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Analyst Sees No Dividends in Mnangagwa's China Junket

  • Ntungamili Nkomo

Vice President Emmerson Mnangagwa, widely expected to succeed President Mugabe as Zimbabwe's next leader. (Collage by Ntungamili Nkomo)

Vice President Emmerson Mnangagwa, widely expected to succeed President Mugabe as Zimbabwe's next leader. (Collage by Ntungamili Nkomo)

Zimbabwe's Vice President, Emmerson Mnangagwa, was in China Monday for what the state media said was a “follow up on mega deals” signed between the two countries last year.

Mnangagwa left Harare Sunday accompanied by Industry Minister, Mike Bimha, and Small Businesses Minister, Sithembiso Nyoni, as well as several government officials.

The Herald newspaper said Mnangagwa was expected to sign "several agreements" with Beijing on top of those signed by his boss, President Robert Mugabe, last year.

Reeling from Western isolation and economic sanctions over human rights concerns, Zimbabwe has over the past decade or so ramped up its business engagement with China under the so-called Look East policy.

But the dividends have been negligible and disproportionate, according to political analyst, Dr. Nkululeko Sibanda, a lecturer at Huddersfield University in the United Kingdom.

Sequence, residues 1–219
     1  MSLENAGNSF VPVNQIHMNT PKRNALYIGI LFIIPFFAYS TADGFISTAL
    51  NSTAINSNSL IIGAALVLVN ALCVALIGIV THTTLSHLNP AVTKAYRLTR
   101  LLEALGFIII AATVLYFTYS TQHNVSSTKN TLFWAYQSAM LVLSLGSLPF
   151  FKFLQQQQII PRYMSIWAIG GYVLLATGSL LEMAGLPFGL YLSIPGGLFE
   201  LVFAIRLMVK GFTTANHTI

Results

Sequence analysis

“All we know from economic studies is that in effect China has been milking Zimbabwe’s economy and Zimbabwe’s natural wealth in a way that is not equal by what Zimbabwe gets out of China,” Dr. Sibanda opined.

“And the services that we are getting out of China in more than many ways are below standards compared to the services that China provides to other nations in Western countries.”

Zimbabwe’s economy is in pretty bad shape and critics blame government policies such as the indigenization law that compels foreign businesses to cede a 51 percent stake to locals.

Foreign direct investment (FDI) remains subdued as potential investors worry about the safety of their investments in the troubled southern African country.

And with its economic woes deepening by the day, Zimbabwe considers China its best bet.

But “dealing with just one side or one country or one hemisphere in politics is a problem that you don’t get that fine competition and therefore, force it to improve on it relations with you and on its deals with you,” said Dr. Sibanda.

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